Jesus’ answer is interesting. He bamboozles the protagonists with a question of his own – did John the Baptist have authority (as many believed) or not? They backed off. But Jesus chases after them with what is, I believe, a word about change. It kind of happens with authority figures that one day their position is going to be eroded by their inflexibility. I remember the comedian Garrison Keillor telling a story about the old boys’ network on his Prairie Home Companion radio show. And how a few teenagers caught doing something they shouldn’t have were kind of handled by the powers that be and the misdemeanours were quietly swept under the carpet by a nod and a wink from someone who knew someone. Keillor was lamenting the loss of aspects of the old boys’ network in the way it once handled stuff that shouldn’t become a police issue. But, of course, the old boys network had its dark side, as a system it behaved atrociously towards the empowerment of women, it was a system where favours were done to advantage some over others, and serial offenders were quietly removed to somewhere else and able to continue their appalling behaviour. The old boys’ network had to go. All authorities eventually pass and new authorities take their place. That’s the nature of things. We would just want to make sure the new authorities are motivated by kindness and goodness and a good dose of the kind of humble service that Jesus demonstrated.
Change happens. Those who want to deny it and cling to the old are denying what is happening everyday on this good earth and in their very bodies. In the temple that day a new authority was in town and the chief priests and elders didn’t like it.
One of the things about authorities is that they to make separations – like the godly and the godless. It is kind of understandable. In the religious system of Jesus’ day there were clear expectations around codes of behaviour and some people, like tax collectors and prostitutes were seen as acting outside God’s authority and therefore beyond God’s mercy.
The curious thing is the chief priests themselves had compromised God’s authority. They had been granted freedom of religious expression by the Romans, but only if no one rocked the boat. Thus the authority of God was effectively under the Roman Emperor’s authority, and good civil order was maintained if people obeyed the Roman rules. This is well-illustrated by the startling admission by the chief priests when they were under pressure during Jesus’ trial. The crowd had been incited to call for Jesus to be crucified but Pilate, the Roman governor was reluctant to grant them this wish. The turning point came when the chief priests looked Pilate in the eye and betrayed their God, “We have no king but the emperor.” [John 19:15-16]
You can see why Jesus was in conflict with the temple authorities – how were they any better than the tax collectors and the prostitutes? They parade around with all the authority of God who commands that you shall not have any other gods before me, but under pressure they bow to the emperor as god.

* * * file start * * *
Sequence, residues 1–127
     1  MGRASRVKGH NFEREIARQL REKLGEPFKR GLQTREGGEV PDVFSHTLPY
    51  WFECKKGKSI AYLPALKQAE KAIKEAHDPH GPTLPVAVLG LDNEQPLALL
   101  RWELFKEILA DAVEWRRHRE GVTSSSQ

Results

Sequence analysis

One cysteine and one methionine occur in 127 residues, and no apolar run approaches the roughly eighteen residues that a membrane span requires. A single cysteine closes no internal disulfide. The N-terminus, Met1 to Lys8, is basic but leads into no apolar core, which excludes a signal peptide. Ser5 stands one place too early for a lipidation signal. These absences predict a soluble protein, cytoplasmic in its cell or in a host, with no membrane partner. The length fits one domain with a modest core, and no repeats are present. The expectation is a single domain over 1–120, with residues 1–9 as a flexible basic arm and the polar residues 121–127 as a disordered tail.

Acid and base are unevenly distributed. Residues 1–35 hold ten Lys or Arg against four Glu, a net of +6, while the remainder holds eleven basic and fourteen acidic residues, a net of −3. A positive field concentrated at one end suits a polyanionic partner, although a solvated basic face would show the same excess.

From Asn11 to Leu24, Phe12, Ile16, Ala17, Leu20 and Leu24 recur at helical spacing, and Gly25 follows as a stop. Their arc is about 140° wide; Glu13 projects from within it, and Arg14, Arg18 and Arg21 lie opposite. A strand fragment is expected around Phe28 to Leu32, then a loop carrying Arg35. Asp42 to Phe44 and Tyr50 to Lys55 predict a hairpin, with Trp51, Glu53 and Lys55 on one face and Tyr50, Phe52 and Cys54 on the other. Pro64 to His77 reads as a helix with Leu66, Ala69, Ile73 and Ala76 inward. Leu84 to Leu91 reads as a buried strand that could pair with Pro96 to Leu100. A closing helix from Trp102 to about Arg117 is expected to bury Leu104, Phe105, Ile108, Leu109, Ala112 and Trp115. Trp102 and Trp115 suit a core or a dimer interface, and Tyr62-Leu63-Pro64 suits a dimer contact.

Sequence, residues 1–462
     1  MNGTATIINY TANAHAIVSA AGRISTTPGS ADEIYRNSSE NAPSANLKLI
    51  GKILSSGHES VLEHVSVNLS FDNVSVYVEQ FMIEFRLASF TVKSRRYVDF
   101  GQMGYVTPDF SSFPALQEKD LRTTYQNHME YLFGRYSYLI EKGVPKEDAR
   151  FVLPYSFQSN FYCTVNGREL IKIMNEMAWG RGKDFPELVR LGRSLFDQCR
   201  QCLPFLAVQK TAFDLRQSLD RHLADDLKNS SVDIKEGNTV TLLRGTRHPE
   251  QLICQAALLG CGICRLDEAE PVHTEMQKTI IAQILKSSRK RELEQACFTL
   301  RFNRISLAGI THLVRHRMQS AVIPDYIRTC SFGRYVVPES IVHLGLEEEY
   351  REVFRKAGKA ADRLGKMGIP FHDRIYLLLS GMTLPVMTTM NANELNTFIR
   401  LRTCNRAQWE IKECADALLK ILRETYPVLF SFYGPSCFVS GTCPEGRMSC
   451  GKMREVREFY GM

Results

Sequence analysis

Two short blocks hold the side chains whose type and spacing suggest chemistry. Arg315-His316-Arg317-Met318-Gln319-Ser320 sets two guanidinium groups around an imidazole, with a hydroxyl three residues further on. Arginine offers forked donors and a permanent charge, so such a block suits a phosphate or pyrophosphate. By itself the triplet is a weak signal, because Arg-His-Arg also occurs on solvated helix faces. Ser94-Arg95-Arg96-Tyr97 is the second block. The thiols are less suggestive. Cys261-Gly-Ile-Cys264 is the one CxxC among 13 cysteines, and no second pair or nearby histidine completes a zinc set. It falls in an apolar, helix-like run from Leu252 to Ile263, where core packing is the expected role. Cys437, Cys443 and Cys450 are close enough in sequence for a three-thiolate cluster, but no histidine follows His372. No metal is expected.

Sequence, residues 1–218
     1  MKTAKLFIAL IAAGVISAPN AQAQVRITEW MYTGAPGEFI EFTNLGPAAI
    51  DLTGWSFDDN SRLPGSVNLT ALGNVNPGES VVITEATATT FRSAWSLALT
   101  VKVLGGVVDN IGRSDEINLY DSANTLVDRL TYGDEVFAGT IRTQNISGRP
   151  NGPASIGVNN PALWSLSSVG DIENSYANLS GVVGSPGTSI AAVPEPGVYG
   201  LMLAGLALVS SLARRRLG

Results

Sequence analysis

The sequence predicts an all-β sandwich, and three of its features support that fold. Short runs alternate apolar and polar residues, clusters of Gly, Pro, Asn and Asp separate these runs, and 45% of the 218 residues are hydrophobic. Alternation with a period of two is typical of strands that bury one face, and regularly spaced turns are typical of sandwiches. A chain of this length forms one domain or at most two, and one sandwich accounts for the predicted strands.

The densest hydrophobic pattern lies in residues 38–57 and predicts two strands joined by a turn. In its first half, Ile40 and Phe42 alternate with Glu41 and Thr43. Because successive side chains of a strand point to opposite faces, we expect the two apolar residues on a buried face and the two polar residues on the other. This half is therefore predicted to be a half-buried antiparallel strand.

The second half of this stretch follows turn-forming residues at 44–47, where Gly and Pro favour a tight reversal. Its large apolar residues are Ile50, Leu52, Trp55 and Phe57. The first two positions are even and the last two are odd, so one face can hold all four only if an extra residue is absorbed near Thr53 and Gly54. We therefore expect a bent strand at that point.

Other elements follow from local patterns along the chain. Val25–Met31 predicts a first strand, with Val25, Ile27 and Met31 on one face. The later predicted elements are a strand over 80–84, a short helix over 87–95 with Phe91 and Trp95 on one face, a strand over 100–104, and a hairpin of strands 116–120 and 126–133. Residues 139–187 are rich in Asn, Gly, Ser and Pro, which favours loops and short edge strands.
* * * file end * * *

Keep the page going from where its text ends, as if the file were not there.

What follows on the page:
So to the parable: “‘What do you think? A man had two sons; he went to the first and said, “Son, go and work in the vineyard today.” He answered, “I will not”; but later he changed his mind and went. The father went to the second and said the same; and he answered, “I will go, sir”; but he did not go. Which of the two did the will of his father?’
They said, ‘The first.’ Jesus said to them, ‘Truly I tell you, the tax-collectors and the prostitutes are going into the kingdom of God ahead of you. For John [the Baptist] came to you in the way of righteousness and you did not believe him, but the tax-collectors and the prostitutes believed him; and even after you saw it, you did not change your minds and believe him.”
I’m thinking about the authorities who were around when I was young and some of their well-meaning intransience – ‘this is how we do church’ was their well-intentioned statement as they dug their toes in and resisted change. This attitude also revealed itself on the faces of the congregation whenever my friends and I showed up in jeans and tee-shirts, and with some of our hairy and dark-skinned friends. These people meant no harm, they just found change hard. They hadn’t been prepared. Looking back I’m not sure that my friends and I were very patient with them. I’m not sure that we were at all organised in our arguments either… we were upstarts… everything had to happen now.
These days I think the church is more flexible. It has to be. The tides of change are well upon us and we know as plain as day that if we don’t change then one day one of us will be closing the door for the last time.
If we don’t reconnect with our community we will fall over. The authority has shifted. It no longer rests with us and what has gone before. In that sense we are free. Some will call names at us and undermine our integrity by describing our faith as fake news. But actually in our little corners in the city, our humble service and warm welcome to anyone will take root and make a difference (especially those who society casts as little, least, lost, and last). I think Jesus is inviting us to get with the programme – the new thing is happening. We have to change how we do church. Who knows, a few tax collectors and prostitutes might find their way here! Wouldn’t that be fun! For we don’t want Jesus saying of us ‘even after you saw what the Baptist had done, you did not change your minds and believe him.’